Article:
Five Components of Dialogue

Five Components of DialogueAmong the takeaways from Brandon Sanderson’s writing course are five components of dialogue. People talk, it’s a vital part of human communication. But writing  good dialogue in fiction isn’t easy. Just watch ten minutes of Rings of Power.

Sanderson gives his students a five-letter mnemonic to guide them in writing dialogue: MICRO. It’s neat, but I suggest he put the letters in the wrong order of priority to suit the abbreviation. I’m going with: OMCIR. It’s not so memorable, but it fits my process. Sorry, Sando.

Those same five components of dialogue are:

  • Objective
  • Motive
  • Conflict
  • Individuality
  • Realism

Let’s break those down.


What’s the writer’s objective for the dialogue? What does the dialogue need to achieve? The main objectives are:

  • Deepen or break the relationship of the characters talking
  • Create conflict or tension between characters

Lesser objectives are:

  • Advance the plot
  • Drip-feed some information into the text; character, plot, setting

If the dialogue doesn’t meet the relationship objective, then it’s a wasted opportunity. Dialogue is great for illuminating character relationships.

Do the objective(s) require dialogue or can these be achieved some other way? There’s nothing worse than contrived, artificial dialogue. Sanderson refers often to the ‘Maid-and-Butler’ prologues of bad stage plays where two characters re-cap or scene-set with the ‘as-you-know,’ ‘yes-and’ conversation. Bad novelists do this too. Find another way.


Decide for each of the participants in the dialogue

  • What do they want?
  • How does the dialogue advance toward what they want?
  • What are they trying to communicate? Surface and sub-text come into play.
  • What do they want the other person(s) to do or feel?

Dialogue is about communication; expressing wants, advising, arguing, persuading, opposing; even blocking and rejecting.

Surface text and sub-text can be at odds. This is where a character’s stated wants or goals differ from their innermost wants of goals. How many times have you heard this:

“How are you?”
“Good. What time’s dinner?”

The opening ‘how are you’ might be a genuine concern, polite small-talk, or a loaded challenge.

‘Fine’ can be equally polite small talk, a passive-aggressive challenge, a lie, a concealment, even a cry for help.

The dinner question might come from hunger, awkwardness, a drive to change the subject, a dismissal or an act of oppression.

Those three lines of dialogue, heavily loaded in any number of ways, pivot the scene according to the characters’ motives. That’s a whole story right there.


Dialogue in fiction without conflict is dry and empty. Beginning with agreement which breaks down, or disagreement which comes to resolution, either way there has to be difference.

Dialogue is about argument and debate. Without it, there’s no tension.

Conflict arises from wants, ideas, identities, and character traits like pride and prejudice (collect a sticker). Explore difference and you get sparkling dialogue. You don’t need constant fireworks, explosions and drama. Sparks, fizz, tension, undercurrents; these all work in dialogue.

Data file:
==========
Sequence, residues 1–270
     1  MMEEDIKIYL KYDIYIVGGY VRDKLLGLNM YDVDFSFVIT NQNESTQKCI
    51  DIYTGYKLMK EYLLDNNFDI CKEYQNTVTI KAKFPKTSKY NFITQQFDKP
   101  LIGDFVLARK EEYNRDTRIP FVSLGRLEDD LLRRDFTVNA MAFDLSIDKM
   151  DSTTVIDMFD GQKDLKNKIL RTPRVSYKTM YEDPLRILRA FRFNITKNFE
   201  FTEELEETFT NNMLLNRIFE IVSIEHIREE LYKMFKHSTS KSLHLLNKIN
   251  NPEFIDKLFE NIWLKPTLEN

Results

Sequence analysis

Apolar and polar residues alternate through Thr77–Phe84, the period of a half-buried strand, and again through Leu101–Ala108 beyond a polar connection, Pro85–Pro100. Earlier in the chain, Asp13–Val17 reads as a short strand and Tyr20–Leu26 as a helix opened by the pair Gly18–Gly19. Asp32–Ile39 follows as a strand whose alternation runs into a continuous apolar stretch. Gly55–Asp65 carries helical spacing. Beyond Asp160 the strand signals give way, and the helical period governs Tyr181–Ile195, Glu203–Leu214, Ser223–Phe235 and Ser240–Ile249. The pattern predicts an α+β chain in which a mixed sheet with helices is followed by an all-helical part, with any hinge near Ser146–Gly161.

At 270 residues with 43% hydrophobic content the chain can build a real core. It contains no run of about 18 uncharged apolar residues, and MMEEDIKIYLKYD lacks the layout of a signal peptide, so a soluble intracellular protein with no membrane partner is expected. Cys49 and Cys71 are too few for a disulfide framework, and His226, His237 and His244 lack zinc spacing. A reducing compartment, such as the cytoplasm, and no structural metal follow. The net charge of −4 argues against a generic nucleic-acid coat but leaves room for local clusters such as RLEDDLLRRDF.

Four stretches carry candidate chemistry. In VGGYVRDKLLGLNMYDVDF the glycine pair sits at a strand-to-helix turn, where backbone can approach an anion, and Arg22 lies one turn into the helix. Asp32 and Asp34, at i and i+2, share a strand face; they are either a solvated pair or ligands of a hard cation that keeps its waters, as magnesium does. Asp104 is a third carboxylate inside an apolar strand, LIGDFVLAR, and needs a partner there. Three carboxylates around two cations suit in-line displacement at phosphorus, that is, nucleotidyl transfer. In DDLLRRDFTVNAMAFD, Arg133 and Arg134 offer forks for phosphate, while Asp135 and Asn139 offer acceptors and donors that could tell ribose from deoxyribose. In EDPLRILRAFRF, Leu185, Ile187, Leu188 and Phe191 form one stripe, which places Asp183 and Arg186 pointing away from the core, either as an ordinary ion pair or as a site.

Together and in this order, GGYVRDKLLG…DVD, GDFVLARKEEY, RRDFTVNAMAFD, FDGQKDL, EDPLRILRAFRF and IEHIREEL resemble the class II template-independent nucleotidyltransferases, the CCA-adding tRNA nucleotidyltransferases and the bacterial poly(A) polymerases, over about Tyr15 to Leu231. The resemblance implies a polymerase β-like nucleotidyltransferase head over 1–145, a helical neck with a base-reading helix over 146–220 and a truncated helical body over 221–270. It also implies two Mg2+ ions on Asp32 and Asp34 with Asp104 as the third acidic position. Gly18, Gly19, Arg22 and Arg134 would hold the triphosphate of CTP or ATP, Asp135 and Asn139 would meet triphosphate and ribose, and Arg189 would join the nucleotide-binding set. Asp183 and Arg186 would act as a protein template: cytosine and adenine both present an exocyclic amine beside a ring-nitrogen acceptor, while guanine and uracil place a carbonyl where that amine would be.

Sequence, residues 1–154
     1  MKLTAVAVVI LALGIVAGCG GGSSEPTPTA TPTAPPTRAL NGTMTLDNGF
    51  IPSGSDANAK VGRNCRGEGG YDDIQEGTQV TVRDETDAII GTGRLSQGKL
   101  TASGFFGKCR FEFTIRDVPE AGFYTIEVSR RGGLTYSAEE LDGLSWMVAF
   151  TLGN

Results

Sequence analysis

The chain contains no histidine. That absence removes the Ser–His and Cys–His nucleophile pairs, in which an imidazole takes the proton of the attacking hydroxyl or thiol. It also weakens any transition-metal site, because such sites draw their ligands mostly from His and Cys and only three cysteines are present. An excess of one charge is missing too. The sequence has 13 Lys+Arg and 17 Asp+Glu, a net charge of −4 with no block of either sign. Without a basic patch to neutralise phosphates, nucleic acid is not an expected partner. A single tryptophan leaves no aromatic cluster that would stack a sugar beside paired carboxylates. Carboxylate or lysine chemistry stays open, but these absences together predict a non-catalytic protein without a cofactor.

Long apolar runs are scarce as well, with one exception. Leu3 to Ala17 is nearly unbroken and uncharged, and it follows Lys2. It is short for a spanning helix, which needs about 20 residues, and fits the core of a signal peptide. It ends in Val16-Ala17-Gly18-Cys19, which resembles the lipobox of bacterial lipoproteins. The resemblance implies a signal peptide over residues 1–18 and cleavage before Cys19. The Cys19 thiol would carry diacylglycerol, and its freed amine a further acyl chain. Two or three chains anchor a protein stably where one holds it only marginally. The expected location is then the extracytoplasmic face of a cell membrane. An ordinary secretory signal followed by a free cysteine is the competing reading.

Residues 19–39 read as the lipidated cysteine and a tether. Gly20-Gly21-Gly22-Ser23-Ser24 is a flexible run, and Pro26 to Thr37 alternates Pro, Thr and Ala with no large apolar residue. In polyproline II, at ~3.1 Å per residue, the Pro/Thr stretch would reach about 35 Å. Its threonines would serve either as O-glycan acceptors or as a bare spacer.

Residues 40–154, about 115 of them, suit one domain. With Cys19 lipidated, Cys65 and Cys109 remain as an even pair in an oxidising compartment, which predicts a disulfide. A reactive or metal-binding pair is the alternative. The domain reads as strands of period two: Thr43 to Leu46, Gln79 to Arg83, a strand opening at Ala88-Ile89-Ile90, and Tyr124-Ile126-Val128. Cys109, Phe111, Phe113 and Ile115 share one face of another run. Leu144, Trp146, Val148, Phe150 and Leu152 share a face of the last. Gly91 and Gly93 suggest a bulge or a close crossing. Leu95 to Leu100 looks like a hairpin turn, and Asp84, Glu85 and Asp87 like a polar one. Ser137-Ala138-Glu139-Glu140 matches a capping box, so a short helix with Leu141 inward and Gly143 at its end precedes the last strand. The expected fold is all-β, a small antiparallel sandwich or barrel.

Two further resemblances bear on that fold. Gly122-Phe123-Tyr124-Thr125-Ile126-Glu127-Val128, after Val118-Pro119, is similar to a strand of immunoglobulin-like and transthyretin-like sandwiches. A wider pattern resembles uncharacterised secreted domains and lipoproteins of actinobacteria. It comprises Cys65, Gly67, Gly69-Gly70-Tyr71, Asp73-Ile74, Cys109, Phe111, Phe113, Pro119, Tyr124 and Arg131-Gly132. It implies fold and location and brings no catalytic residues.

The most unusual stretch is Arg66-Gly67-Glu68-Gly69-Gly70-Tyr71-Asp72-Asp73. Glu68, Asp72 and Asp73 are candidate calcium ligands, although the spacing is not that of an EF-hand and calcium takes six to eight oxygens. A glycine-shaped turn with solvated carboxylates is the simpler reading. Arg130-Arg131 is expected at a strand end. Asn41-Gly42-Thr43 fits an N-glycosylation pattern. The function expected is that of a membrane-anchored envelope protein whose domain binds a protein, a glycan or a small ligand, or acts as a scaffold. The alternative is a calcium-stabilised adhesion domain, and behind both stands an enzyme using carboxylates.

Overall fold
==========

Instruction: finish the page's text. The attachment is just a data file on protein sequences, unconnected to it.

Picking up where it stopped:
Often it’s the opposition left unsaid that elevates a conversation. Harold Pinter made a career out of the short line and long pause.


The key to identifying and identifying with the characters is individuality. This includes:

  • modes of speech; that is, word choice, construction, tone
  • accents
  • dialects
  • registers (formal/informal, social hierarchy, rank, privilege, age and gender)

Dialogue needs to deliver distinct character voices. We should be able to tell which is the sixty-year-old priest and which is the fifteen year-old parishioner; the rookie cop and the gang-member. Or the CEO and the janitor, the school geek and the sports jock.

Handle accents and dialects with care. One can fall into comedy, the other to incomprehension.


What is realistic in conversation? Alright, now what is realistic dialogue in fiction? There’s a difference. Dialogue is crafted speech that feels ‘real’; it’s rarely realistic.

Read a transcript of an interview; politics, sports, celebrity, vox-pops. They’re terrible. The message gets lost in all the filler words. Now edit those out. Delete the ums, errs, like, y’know; the stumbles, stutters, mis-pronunciation, aborted half-sentences. No gigantic pauses.

This is the heightened realism of crafted dialogue that we accept as we read. It is concise, clear and above all, brief.

Now put back in selected ticks and trips where they add colour to the dialogue;

  • creating individuality
  • leaning into realism

The socially awkward teenager will hesitate with umms and errs; as will the lying suspect evading the detective’s questions. The politician habitually gives roundabout or evasive answers, self-editing, revising and re-framing what they say as they go.

Brevity in dialogue works. You can leave it to the reader to imagine the rest with only a few hints.

‘Maid-and-butler’ dialogue rings the realism bell. And the Architect in Matrix Revolutions tips into incomprehensible, even though it’s appropriate for the character.

Those are are five components of dialogue, in my best order of priority. In practice, several rounds of editing will polish and shine even the most mundane dialogue.

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